The previous post give you an overview of the basics of SQL. This post will give you more detail on the first of the five pieces of a SQL statement that I discussed in the previous post SELECT. Since other posts will, in due course, tackel the other parts of a SQL statement this post will only focus on the SELECT part of a SQL search in MapInfo.
The SELECT statement defines the columns within the various tables that you want to carry out your search on. At a more advanced level it also defines the calculation that you want to carry out your search on as you can carry out calculations on the columns that you are selecting before then searching the results of those calculations.
The use of SELECT is most easily explained by way or practical examples, so here goes -
1. Selecting a whole table
The simplest SELECT statement is SELECT *, this will select all columns within the table that you are working with, so, in short the whole table that you reference in the FROM section of the query.
2. Selecting certain columns or fields from within a table
SELECT column1, column2, column3 ....
This will only select the columns that you have specified. Remember that each individual column must be separated from the other columns that you are selecting with a commas. This will only select the columns that you haver requested from the table that you will refer to in the FROM section of your query.
3. Selecting individual fields from a variety of tables
This is a more complex search which it should be noted requires an understanding of JOINS, something we will cover in due course. However, with that caveat the syntax for a query that chooses a number of difference fields from different tables is:
SELECT column1.table1, column2.table2, column3.table3
This will choose column1 from table 1 and so on. Again you will need to be precise and ensure that the each column / table pair is separated by a full stop, and that each pairing is separated from other pairings with a comma.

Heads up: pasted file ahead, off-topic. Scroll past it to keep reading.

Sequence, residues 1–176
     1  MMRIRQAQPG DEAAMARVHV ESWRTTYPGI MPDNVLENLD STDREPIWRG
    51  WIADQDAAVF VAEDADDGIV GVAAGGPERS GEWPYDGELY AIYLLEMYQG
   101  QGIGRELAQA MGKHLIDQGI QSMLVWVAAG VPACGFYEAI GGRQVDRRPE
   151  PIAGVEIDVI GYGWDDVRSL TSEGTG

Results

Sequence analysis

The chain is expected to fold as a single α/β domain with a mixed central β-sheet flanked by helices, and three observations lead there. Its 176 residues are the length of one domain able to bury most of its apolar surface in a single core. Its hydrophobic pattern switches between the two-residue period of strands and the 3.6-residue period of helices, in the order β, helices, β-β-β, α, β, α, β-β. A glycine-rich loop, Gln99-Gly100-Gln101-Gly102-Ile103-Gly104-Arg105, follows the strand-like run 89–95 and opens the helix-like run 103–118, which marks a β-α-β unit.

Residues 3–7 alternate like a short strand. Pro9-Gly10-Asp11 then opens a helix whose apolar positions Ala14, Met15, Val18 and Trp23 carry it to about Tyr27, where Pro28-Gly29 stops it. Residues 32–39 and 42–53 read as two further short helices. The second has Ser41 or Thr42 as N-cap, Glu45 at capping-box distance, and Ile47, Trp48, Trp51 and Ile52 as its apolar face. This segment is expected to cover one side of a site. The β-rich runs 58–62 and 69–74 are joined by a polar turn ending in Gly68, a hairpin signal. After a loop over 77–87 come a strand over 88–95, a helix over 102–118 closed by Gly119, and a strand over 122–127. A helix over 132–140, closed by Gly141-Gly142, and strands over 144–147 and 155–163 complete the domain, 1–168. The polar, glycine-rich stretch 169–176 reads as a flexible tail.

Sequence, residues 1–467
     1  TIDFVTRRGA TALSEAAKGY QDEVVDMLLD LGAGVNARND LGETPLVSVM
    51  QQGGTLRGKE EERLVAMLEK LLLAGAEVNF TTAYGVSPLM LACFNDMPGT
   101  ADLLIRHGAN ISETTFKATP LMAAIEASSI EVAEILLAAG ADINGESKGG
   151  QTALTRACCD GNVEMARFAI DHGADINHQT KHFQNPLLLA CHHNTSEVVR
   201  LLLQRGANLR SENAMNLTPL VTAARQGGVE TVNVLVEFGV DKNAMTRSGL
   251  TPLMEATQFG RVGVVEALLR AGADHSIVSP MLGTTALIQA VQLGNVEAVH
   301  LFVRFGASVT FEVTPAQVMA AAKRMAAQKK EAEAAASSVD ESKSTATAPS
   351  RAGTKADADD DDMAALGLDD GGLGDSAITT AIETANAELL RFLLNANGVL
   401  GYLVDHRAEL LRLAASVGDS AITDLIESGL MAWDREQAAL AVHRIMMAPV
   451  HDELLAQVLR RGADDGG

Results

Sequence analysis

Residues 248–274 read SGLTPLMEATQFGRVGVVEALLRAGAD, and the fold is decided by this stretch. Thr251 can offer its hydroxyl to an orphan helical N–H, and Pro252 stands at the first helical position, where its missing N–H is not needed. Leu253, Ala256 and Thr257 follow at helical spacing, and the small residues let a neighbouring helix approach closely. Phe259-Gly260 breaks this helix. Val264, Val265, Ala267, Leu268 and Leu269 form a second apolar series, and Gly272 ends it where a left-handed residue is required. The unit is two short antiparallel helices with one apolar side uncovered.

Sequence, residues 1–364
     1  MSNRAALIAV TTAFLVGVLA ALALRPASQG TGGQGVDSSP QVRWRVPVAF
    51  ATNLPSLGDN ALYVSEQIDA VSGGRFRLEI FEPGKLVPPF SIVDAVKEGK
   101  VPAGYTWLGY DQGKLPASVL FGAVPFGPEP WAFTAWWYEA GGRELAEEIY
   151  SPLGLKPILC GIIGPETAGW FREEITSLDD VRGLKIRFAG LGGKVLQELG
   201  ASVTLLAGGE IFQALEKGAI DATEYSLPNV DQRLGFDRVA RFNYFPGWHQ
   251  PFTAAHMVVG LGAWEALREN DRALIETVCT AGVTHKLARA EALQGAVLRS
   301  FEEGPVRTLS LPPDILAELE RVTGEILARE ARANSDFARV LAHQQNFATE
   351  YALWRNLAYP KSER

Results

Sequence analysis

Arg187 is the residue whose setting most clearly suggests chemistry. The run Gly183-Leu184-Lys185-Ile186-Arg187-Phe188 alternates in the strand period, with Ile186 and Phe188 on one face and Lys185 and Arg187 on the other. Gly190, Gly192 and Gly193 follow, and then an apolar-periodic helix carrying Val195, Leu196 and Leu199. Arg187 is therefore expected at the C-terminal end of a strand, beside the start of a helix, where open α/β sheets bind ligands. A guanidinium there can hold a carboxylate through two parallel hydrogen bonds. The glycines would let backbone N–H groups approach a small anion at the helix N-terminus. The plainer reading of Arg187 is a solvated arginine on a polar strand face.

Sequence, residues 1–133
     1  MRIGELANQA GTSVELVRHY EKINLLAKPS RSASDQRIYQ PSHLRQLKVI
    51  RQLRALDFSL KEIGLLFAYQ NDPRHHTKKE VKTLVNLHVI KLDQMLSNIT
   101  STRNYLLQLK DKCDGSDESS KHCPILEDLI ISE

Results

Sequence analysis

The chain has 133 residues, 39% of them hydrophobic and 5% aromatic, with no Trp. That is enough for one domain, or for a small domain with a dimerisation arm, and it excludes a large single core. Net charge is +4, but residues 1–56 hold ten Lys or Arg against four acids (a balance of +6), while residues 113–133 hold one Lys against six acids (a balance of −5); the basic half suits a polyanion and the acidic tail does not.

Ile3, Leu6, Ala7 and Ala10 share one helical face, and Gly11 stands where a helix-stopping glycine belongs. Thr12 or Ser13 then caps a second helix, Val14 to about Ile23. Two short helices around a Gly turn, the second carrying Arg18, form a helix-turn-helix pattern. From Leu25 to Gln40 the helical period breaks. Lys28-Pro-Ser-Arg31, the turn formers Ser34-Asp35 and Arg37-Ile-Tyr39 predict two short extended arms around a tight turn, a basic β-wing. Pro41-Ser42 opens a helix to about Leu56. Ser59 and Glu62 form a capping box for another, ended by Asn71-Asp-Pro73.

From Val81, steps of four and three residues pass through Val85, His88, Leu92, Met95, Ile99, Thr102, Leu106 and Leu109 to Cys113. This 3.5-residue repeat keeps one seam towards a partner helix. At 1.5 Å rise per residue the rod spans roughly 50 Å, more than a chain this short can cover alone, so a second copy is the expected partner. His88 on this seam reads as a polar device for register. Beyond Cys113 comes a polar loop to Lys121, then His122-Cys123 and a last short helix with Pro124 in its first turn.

Assuming that you have good data normalisation (put simply, the process of ensuring that you do not have duplicate data in your database) within your database you will probably be using this type of query frequently as the relevant pieces of information that you need are likely to be spread between multiple tables.
4. Selecting individual fields from a calculated column
This type of query can very rapidly become very complex. It uses standard mathematical operators to adjust the contents of a column. The operators used in the calculations are as follows:
Addition + column1 + 5 Adds 5 to each result
Subtraction - column1 - 5 Subtracts 5 from each result
Multiplication * column1 * 10 Multiplies each result by 10
Division / column1 / 5 Divides each result by 5
So, starting with a simple example, if a distance you are working with in MapInfo happens to have been recorded in miles but you want to see the output of the search in kilometres, then you would use a query as follows:
SELECT distance * 1.6093
A more complex example using a variety of the operators above could look like
SELECT ((column1*1.6093)-25), (column2/23)
5. Selecting Only Distinct Values In A Database
Finally I think that it is worth mentioning that if you are looking to get a list of all of the different entries in a database. For instance you might have a list containing the counties in which certain buildings are based. If there was then a requirement to obtain a list of just the counties in which these buildings where then a DISTINCT query would work well. The example below would bring up a list of all of the different (DISTINCT) entries that can be found in the tables selected.
SELECT DISTINCT column1 .....
Hopefully you will find this a useful introduction to SQL queries when you are working with MapInfo. As you can hopefully see already learning to use SQL can give you a great deal of control over your data and a very wide ability to manipulate it in anyway that you would like to.
For those of you who would like to find more information on using SQL in MapInfo the following article is a useful resource - http://www.sgsi.com/miusergroup/sgsi_sqlselect.htm
In the next blog in this series I will be looking at the FROM section of a SQL query.